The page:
By Joshua Herring
Artist and recent Kutztown graduate, Lindsey Zellner, has launched herself into a valuable design experience. The communication design program at KU provided her with not only the skills and knowledge, but also the opportunities for instrumental experience.
The department allows freshmen design majors to experience the foundations of design and visual thinking. Juniors then choose to focus on one of four concentrations: graphic design, advertising design, interactive design, and illustration. “Each one has its own unique qualities, but you end up using knowledge from all four concentrations,” says Zellner. “I believe that as much as you can pack into four years of school, the communication design program does just that.”
She says that the curriculum shows students the entire process. “Rather than just learning how to use Adobe software and come up with creative ideas, we are taught how to expand on ideas, become our own copywriters and creative directors and take on new challenges you’d never expect,” said Zellner.
Yet, she says the program is definitely “not for the faint-of-heart.” By her junior year, she realized that “each class would present its own challenges, but mold me into an overall better designer and professional.” She said, “Ultimately, I think we have one of the best design programs in the state.”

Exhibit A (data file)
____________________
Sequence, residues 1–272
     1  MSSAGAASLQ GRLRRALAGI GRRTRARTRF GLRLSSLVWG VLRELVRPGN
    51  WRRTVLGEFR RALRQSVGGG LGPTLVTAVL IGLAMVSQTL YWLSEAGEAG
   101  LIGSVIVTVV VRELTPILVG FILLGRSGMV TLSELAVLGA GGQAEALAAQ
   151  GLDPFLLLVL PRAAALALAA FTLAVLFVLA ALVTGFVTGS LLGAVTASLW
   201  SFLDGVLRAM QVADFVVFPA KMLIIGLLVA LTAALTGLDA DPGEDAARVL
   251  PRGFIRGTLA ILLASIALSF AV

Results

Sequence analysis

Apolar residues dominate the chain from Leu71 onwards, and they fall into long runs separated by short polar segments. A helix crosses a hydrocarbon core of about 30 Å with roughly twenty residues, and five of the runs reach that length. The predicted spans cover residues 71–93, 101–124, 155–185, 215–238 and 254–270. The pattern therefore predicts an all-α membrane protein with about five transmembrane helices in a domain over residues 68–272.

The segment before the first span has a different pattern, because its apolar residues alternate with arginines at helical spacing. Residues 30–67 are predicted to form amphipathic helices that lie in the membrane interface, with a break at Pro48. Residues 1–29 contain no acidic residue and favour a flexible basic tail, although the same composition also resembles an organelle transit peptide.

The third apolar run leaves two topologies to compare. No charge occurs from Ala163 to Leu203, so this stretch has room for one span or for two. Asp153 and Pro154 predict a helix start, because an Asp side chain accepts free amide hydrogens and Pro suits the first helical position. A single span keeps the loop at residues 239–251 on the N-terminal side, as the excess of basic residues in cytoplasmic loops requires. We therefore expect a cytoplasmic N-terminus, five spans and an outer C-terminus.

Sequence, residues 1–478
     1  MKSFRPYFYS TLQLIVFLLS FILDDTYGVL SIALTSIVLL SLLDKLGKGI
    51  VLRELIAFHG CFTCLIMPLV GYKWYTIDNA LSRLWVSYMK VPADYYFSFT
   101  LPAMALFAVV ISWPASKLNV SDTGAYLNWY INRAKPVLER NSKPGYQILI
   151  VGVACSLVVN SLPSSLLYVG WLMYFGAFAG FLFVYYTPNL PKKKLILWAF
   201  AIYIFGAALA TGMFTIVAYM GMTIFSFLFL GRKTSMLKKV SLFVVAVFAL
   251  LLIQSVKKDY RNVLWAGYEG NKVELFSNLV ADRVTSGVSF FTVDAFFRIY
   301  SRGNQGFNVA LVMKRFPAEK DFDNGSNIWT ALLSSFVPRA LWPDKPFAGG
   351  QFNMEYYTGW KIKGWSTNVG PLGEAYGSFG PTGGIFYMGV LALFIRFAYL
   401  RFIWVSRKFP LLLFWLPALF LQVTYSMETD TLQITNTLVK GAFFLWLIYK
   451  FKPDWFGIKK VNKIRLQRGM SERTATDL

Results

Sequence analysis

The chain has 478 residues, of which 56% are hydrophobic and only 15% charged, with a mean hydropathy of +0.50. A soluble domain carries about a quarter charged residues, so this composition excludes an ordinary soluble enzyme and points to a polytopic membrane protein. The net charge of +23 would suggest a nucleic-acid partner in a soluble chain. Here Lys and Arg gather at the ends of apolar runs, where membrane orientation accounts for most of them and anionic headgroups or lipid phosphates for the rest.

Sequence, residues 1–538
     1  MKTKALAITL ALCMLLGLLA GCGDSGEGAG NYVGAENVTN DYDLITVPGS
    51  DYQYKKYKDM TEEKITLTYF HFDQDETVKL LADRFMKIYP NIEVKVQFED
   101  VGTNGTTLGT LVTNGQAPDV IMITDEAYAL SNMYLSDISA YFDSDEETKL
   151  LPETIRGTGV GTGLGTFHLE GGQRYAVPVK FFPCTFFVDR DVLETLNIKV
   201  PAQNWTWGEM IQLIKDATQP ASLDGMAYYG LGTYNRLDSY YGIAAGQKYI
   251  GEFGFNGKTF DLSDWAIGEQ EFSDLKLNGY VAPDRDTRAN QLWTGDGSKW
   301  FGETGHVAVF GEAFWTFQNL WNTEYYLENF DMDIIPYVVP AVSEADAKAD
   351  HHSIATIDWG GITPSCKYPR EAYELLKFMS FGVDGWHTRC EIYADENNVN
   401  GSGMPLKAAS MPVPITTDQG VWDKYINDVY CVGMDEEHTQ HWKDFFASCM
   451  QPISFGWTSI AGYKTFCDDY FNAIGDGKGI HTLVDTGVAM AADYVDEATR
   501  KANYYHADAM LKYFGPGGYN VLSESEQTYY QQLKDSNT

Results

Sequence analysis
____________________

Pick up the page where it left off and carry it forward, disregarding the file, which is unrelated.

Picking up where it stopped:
At the end of it all, she says she misses the sleepless nights and time spent in the computer lab. “KU’s communication design program is like a giant family,” said Zellner.
During her senior year, Zellner participated in the internship program offered through the department. She worked as a creative intern for Crayola. In sum, she says the experience gave her “a huge understanding of what to expect in the real world with hard deadlines, communicating effectively with a team and expanding design knowledge.”
Today, the Crayola design team is a part of Zellner’s networked list of companies, which also includes Disney. She fell in love with the company during her experience with the Disney college program in 2010, now she loves being a part-time designer for some of their creative projects.
With Kutztown design knowledge and some practical and on-going experience, Zellner hopes to develop more real-world comprehension of all fields in communication design. In the future she hopes to advance to a creative director position that allows her to focus on her true passion: packaging, branding and advertising.
In advertising design, artists develop visual concepts for print or digital ads. “To me design is more than just type or color,” said Zellner. “It’s about the feelings that are a result for a client and society overall.”
She defines her type of work in communication design as “creating change through creative talents,” and “reaching out in advertising, to create functional products and design brands that are recognizable either worldwide or on a smaller scale.”
To learn more about Zellner and see some of her advertising designs, go to lrzellner.com. More information on the Kutztown Communication Design program and examples of student work can be found at kucd.kutztown.edu.